By the time we delivered our sixty-first StoryGuide, to opioid treatment centers SaVida Health, the document had ballooned to 354 pages. Woden’s purpose resonated with our customers, and we continued to earn referrals—we were “good enough,” and there aren’t any other firms available purely focused on strategic storytelling and its implementation. But as a firm that preaches the power of living and breathing story in all aspects of an organization, being “good enough” felt like “not good at all.”
The team continued to refine the StoryKernel process, and delivered increasingly impactful, succinct brand stories. We added an on-site facilitation, the StorySeminar™, described by Bush Hog head of sales Kerry Meacham as “the best session of that kind I’ve ever attended.” But for every success in the first few months of our engagements, in what should have been the pinnacle moment, the delivery of the StoryGuide continued to fall flat.
It's Our Clients Who Know Us Best
When the StoryKernel was a relatively new product, Woden was engaged by Swift Financial. Jay Lee, Swift’s CMO, invested hours of his time in helping us refine their StoryKernel. Jay’s unique perspectives did more than ensure Swift’s success—his guidance crystalized the structure and methodology for how a StoryKernel works. Prior StoryKernels had the right approach, but it was Jay who forced us to refine our methodology and give each StoryKernel a powerful, emotional arc that inspired audiences to action. Every client since Swift has benefitted from stronger, clearer StoryKernels, thanks to what we learned from Jay.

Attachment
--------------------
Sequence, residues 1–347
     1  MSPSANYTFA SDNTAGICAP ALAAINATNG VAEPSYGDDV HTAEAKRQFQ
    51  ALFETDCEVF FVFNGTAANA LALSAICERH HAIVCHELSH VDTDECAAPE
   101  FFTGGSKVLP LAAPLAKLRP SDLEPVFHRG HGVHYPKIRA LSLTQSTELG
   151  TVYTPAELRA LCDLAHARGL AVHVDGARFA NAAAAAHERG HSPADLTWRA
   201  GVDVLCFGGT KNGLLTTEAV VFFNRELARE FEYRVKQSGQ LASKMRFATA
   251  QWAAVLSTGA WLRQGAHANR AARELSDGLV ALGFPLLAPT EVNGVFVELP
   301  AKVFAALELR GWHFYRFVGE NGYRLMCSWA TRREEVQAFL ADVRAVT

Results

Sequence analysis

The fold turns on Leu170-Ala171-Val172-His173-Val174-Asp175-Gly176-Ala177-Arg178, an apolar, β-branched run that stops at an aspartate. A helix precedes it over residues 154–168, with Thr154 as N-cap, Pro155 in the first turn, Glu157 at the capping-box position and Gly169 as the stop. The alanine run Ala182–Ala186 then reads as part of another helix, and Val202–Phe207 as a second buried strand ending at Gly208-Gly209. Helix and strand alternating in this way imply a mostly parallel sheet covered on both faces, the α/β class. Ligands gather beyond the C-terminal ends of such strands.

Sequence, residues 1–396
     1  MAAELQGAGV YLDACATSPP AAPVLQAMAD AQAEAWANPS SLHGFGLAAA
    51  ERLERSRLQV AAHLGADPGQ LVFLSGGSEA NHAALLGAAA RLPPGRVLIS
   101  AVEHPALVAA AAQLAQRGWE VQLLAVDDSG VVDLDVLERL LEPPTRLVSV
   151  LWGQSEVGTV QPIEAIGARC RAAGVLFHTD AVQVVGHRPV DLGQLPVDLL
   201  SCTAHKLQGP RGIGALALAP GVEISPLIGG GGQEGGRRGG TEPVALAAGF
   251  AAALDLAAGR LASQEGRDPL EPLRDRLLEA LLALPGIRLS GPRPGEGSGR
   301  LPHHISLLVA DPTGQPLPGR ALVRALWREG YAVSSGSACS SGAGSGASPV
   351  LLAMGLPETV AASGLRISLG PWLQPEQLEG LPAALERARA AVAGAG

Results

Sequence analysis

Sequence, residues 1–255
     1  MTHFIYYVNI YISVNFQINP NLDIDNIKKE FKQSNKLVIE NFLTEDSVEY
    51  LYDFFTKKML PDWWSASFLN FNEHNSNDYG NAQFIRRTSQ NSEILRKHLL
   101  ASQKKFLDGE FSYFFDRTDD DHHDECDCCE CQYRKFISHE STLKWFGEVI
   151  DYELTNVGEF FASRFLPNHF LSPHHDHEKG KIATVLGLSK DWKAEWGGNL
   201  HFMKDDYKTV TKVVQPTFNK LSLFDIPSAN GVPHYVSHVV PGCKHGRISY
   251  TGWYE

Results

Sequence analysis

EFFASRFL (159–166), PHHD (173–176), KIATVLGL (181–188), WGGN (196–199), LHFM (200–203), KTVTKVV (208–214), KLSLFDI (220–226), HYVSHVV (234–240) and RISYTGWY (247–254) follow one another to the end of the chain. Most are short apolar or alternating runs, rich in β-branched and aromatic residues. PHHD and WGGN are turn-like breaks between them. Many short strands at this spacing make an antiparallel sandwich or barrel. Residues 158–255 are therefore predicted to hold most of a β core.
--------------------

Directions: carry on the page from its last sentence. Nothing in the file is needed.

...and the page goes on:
When you’re a founding partner in a company, its products and services are like your own children. Each reflects a piece of who you are, and it’s difficult to interpret any critiques of them in a way that’s not personal or a reflection of your own abilities.
But, for the StoryGuide to succeed, Woden needed to hear the hard truths our clients were telling us, and embrace them as we had the feedback on our early StoryKernels, uncomfortable as that may be. Our clients not only understood the challenge Woden solved, but they believed in us as a team. They trusted us. We had to trust them back.
The client feedback wasn’t all negative, of course. Sandboxx founder Sam Meek remarked that his StoryGuide “felt like a masterclass in Sandboxx branding,” and that every company should undergo this exercise. But, for every Sam, there were three clients like Phil Ressler (CEO of IoT firm Sixgill), who told us he couldn’t even make it through the entire guide.
Bob Burch invested in StoryGuides for two of his companies, UgMO and BERT, but in both cases, wondered if we could “just deliver a shorter version” of the StoryGuide. Cyber security firm ReFirm Labs deployed the content from the StoryGuide almost word for word across their organization, and Shane Hassett of 3D printing network Wazp called his “inspiring.”
In more mixed evaluations, we heard from EspriGas CEO Mike Walsh and Redis Labs CMO Manish Gupta that both felt there were good recommendations, but they were almost impossible to pick out and operationalize from the StoryGuide. Other companies, like Intex Millwork and Melvin Brewing diligently implemented theirs, but found it time-consuming. Pledgeling CEO James Citron found the document so overwhelming as to be useless.
The more clients we spoke to, a common theme emerged: the StoryGuide had great content. It was just near impossible to identify and operationalize.
Purpose-Driven Product Design
The StoryGuide was designed to help companies “align all they do behind [their StoryKernel].” Achieving that purpose meant taking what we’d heard and going back to the drawing board. The entire Woden team spent days holed up in our office, mapping out each element of the existing StoryGuide, assessing which parts were vital, and which could be removed. Through stripping the document down its most essential elements, we identified additional areas of implementation where clients needed support. This outline, a definitive list of all the places story impacts an organization, became the roadmap for our new approach.